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It is not just what you think, but how you think that matters

The daily juggling of data, reports, email, meetings, decisions, and way too much information makes it difficult to cope and results in leaders running on autopilot. We see these zoned out and inattentive leaders struggling to lead their teams and team members, as well as themselves. Many are so consumed with firefighting activities that few realize these fires have been caused by the bad decisions and choices they have made. Thus the cycle of stress-induced poor decision making is perpetuated by the stress of course correcting for the unanticipated results from previous poor decisions.

No wonder so many leaders operate in a mind full mode. This is not good. A more effective method is to make decisions in a mindful mode. Fortunately, this is a skill that can be learned, practiced, and ingrained.

Leaders are paid to make decisions and to ensure the execution of their decisions. And to course correct whenever a wrong decision is made or unexpected results occur from what was deemed a correct decision at the time.

Leaders spend an exorbitant amount of time in the decision-making process, deliberating the pros and cons of multiple options, analyzing potential outcomes, and trying to anticipate or measure the probable costs and impact of their decisions.

In an interview published by Inc. Magazine (May 2018), Stanford decision analysis expert Michelle Florendo shared five mistakes people make when facing hard choices:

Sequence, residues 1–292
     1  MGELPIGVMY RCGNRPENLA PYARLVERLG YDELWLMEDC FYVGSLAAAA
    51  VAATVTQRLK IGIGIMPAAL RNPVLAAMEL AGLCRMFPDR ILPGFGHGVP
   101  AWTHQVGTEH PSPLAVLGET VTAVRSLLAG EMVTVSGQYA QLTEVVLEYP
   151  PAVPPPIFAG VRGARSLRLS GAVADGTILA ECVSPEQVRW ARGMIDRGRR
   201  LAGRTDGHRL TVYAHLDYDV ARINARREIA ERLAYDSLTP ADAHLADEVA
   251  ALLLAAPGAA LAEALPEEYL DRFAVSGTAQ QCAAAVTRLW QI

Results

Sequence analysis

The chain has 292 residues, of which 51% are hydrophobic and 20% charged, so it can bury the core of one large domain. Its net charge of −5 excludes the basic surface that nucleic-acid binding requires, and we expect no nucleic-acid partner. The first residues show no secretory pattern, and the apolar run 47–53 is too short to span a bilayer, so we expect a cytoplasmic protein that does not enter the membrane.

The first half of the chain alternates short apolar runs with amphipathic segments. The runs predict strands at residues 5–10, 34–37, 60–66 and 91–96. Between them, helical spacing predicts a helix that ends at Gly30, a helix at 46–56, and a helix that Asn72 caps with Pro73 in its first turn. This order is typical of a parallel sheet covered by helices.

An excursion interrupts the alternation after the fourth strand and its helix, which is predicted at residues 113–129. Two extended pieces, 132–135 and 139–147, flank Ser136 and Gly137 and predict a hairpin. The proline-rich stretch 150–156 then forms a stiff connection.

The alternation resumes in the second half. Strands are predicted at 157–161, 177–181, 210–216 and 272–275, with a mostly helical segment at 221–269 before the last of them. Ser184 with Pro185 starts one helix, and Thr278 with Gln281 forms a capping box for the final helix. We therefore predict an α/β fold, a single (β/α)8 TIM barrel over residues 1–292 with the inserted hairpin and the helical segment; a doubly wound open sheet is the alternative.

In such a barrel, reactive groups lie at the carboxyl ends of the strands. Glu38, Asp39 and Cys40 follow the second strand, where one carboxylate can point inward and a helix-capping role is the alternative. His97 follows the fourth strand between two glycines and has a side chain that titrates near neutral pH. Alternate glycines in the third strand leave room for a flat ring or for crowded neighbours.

1. Spending too much time in the research phase.
  2. Not giving yourself enough time to learn how to make great decisions.
  3. Confusing the quality of the decision with the quality of the outcome.
  4. Mistaking your options as fixed and binary.
  5. Getting stuck in a perfectionism trap.

Every business and every organization runs on thinking. Every leader makes decisions and acts as a result of his or her thinking processes. Hence — and this is very important in the information overload world in which all leaders operate — it is not just what you think, but how you think that makes a difference in the outcomes you generate.

This article is partially excerpted from my award-winning book Better Decisions Better Thinking Better Outcomes: How to go from Mind Full to Mindful Leadership, available on Amazon in both paperback and Kindle formats.

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